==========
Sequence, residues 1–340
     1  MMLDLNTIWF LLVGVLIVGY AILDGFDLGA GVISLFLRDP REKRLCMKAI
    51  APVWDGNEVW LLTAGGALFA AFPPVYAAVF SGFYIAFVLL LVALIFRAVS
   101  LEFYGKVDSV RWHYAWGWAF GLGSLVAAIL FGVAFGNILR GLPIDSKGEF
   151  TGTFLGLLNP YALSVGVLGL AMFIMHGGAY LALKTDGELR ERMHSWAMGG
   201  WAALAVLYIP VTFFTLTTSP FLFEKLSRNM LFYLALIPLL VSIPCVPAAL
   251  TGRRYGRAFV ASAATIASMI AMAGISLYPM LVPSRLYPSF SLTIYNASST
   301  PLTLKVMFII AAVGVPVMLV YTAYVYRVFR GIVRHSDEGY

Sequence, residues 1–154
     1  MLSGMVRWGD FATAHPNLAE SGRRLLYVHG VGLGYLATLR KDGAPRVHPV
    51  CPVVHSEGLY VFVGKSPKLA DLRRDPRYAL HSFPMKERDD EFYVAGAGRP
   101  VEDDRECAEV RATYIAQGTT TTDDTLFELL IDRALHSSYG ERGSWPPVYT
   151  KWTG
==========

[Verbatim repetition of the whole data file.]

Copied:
Sequence, residues 1–340
     1  MMLDLNTIWF LLVGVLIVGY AILDGFDLGA GVISLFLRDP REKRLCMKAI
    51  APVWDGNEVW LLTAGGALFA AFPPVYAAVF SGFYIAFVLL LVALIFRAVS
   101  LEFYGKVDSV RWHYAWGWAF GLGSLVAAIL FGVAFGNILR GLPIDSKGEF
   151  TGTFLGLLNP YALSVGVLGL AMFIMHGGAY LALKTDGELR ERMHSWAMGG
   201  WAALAVLYIP VTFFTLTTSP FLFEKLSRNM LFYLALIPLL VSIPCVPAAL
   251  TGRRYGRAFV ASAATIASMI AMAGISLYPM LVPSRLYPSF SLTIYNASST
   301  PLTLKVMFII AAVGVPVMLV YTAYVYRVFR GIVRHSDEGY

Sequence, residues 1–154
     1  MLSGMVRWGD FATAHPNLAE SGRRLLYVHG VGLGYLATLR KDGAPRVHPV
    51  CPVVHSEGLY VFVGKSPKLA DLRRDPRYAL HSFPMKERDD EFYVAGAGRP
   101  VEDDRECAEV RATYIAQGTT TTDDTLFELL IDRALHSSYG ERGSWPPVYT
   151  KWTG